Richard Aesch

Obituary of Richard Aesch

Richard Aesch

February 4, 1935 – June 18, 2021


Hi Dad


You always made a point of reading the obituaries in the Leader Herald (likely to make sure you weren't listed) and now sadly you are.  Since you've made "the headlines", we thought it made sense to make it an atypical remembrance, so that others who shared the same habit as you, might know you in a different way. 


If Alex and Marie (your parents) could have known that you'd be their longest surviving offspring, and still able to change the oil on the family riding lawn mower just weeks before you passed on at 86.5 years, they would be beaming proudly about that "farm boy spirit" they raised.  That is worth celebrating. 


As so many of your medical team would independently tell you these last years, as you dealt with cancer, your tenacity of  "needing to get up today and go milk the cows" easily brought you an additional 18 months with us.  Your spirit to do more has taken you far beyond what the science would have permitted --- it shows how your human spirit shone through.  That is worth celebrating. 


As a young boy on that farm on Route 29A outside of Gloversville; throwing stones, fishing, hunting and actually escaping being struck by lightning, you couldn't have imagined that you would be married to the same woman for 60+ years, adopt and raise 4 children and be "Gramps" to two more.  And yet, that was your path.  That is worth celebrating. 


The thought of life ending should hopefully inspire all of us to recognize that additional days are never promised.  Using your time with purpose and (as you taught your children, nieces and nephews, time and time again) having "our priorities straight".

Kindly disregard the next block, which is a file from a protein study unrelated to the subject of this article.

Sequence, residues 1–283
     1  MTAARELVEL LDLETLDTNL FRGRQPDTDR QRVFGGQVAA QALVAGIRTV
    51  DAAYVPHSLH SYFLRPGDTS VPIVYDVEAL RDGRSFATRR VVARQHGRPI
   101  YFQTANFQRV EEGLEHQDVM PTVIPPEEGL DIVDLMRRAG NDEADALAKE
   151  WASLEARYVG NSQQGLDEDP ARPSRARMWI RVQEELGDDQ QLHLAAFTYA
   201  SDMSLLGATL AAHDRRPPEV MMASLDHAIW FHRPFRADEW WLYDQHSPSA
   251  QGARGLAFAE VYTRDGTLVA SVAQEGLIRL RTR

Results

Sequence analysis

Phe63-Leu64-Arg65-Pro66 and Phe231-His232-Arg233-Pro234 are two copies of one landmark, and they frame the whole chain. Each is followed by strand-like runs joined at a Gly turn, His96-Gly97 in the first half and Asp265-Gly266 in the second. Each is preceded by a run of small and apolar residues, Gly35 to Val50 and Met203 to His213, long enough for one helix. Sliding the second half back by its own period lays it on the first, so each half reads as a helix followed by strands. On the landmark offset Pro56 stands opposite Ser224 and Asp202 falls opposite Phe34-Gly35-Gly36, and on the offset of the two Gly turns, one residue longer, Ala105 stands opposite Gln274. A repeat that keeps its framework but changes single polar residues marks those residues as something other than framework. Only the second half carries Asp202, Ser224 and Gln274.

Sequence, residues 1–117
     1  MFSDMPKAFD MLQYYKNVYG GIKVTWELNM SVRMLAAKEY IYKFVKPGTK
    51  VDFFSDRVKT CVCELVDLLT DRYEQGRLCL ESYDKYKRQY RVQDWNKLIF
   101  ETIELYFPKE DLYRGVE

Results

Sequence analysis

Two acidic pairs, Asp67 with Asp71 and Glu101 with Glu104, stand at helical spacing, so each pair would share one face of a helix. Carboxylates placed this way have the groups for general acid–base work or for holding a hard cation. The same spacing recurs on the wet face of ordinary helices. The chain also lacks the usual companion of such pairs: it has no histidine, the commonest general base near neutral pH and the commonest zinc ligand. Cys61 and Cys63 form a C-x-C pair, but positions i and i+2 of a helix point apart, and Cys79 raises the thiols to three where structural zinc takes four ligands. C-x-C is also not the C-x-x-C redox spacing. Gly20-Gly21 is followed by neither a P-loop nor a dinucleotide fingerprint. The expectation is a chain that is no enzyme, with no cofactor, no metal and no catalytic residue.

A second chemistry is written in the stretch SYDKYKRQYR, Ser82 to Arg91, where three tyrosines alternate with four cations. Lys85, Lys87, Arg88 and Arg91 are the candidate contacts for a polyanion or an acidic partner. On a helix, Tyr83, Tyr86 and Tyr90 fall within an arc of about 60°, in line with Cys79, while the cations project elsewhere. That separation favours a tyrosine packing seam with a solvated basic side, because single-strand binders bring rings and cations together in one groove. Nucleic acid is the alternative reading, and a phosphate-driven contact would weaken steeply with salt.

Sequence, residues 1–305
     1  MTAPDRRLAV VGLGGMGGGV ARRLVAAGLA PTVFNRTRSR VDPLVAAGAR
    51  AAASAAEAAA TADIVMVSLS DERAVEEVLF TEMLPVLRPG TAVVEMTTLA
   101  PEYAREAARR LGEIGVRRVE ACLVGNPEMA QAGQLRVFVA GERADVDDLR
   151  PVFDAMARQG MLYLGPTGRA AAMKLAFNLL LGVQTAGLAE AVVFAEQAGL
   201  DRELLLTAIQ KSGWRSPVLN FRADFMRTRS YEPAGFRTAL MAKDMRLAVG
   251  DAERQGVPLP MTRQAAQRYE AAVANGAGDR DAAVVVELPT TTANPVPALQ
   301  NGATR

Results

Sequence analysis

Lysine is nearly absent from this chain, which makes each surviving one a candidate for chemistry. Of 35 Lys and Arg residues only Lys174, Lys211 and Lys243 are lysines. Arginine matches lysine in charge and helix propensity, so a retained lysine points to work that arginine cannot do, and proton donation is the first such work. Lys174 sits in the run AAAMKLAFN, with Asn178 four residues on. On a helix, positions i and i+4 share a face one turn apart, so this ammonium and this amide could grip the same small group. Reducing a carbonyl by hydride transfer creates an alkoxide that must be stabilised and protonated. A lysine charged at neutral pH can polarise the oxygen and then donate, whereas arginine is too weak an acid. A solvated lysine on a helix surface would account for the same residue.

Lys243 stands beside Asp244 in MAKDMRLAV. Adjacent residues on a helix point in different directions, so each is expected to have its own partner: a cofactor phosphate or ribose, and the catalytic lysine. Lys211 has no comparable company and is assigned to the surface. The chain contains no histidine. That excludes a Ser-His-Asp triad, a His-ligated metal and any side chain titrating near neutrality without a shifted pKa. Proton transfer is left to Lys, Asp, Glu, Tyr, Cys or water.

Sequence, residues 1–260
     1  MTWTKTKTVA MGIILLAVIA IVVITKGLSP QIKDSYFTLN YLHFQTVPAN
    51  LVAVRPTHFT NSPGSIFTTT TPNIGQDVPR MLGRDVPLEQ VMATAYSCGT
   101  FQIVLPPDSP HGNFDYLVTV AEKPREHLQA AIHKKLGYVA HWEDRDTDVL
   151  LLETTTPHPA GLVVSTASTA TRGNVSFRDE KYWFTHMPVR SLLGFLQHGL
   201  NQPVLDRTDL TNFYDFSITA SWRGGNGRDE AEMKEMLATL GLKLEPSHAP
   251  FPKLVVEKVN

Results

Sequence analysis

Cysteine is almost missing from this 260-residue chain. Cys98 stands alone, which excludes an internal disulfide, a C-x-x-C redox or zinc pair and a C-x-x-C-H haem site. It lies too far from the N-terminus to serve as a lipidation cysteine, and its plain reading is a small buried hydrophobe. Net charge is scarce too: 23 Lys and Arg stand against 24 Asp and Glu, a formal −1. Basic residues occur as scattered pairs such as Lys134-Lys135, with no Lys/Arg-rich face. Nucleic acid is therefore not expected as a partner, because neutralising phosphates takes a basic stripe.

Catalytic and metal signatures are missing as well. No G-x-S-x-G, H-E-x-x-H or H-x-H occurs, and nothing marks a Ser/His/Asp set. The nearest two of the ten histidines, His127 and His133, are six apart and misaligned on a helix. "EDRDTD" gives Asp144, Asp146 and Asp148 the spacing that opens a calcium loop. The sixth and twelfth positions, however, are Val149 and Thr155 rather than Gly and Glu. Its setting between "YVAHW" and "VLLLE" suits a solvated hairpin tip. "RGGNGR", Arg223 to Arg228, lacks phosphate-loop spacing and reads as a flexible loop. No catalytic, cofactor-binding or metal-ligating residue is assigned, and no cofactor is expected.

Hitting pop flies in the field by the barn, building a cabin by the pond, and even designing that fantasy ski lift up the hill over Sunday pancakes- your mind, time and energy has always been on the land.  While you invested hours away in factories, your joy came from working the land.  Anyone who knew Dick Aesch knew his heart swelled when he was on the back of a 50 year old John Deere tractor with grease stained blue jeans, no shirt on, somehow managing to sip a Budweiser with a toothpick in his mouth.  Country Folks and Hoards Dairymen stayed in business because of the Aesch drive to create energy from that earth.  That is worth celebrating. 


People would come from hours away to purchase your cattle because they knew they were the best.  And then they'd drive all the way back the next year.  Because they were always the best.  Nephews and nieces all wanted to hang out at the farm; sometimes for weeks.  It was better than any summer camp.  People could count on Dick Aesch.  That is worth celebrating. 


The ingenuity that you modeled for all of us-only our Dad could turn a pig scalding pot into a flower display.  Only our Dad could turn a barnyard electric fence into family entertainment.  Only our Dad could keep a 1930s era wire hay baler going just in case it was needed (and one day it was).


Whether watching a nephew or niece grow to do amazing things, your children model your commitments to others, or your grandchildren look after you with the care that you looked after them - you always took such joy in watching others. 


While none of us know if there are "sticky notes" in heaven, large rubber green barn boots or those infamous flat tooth picks --- we do know that there will be a man looking down on his family; with a sheepish grin, just enjoying a friends and family card game of Pitch, waiting to flip a Jack of trump suit out underhanded to the bewilderment of all. 


Well played Dad .... your Sandra, your children and your grandkids will take care of milking the cows from here and indeed … That is worth celebrating. 


Private viewing was held Monday, June 21, 2021 at Walrath & Stewart Funeral Home. Interment took place at Prospect Hill Cemetery, Gloversville.


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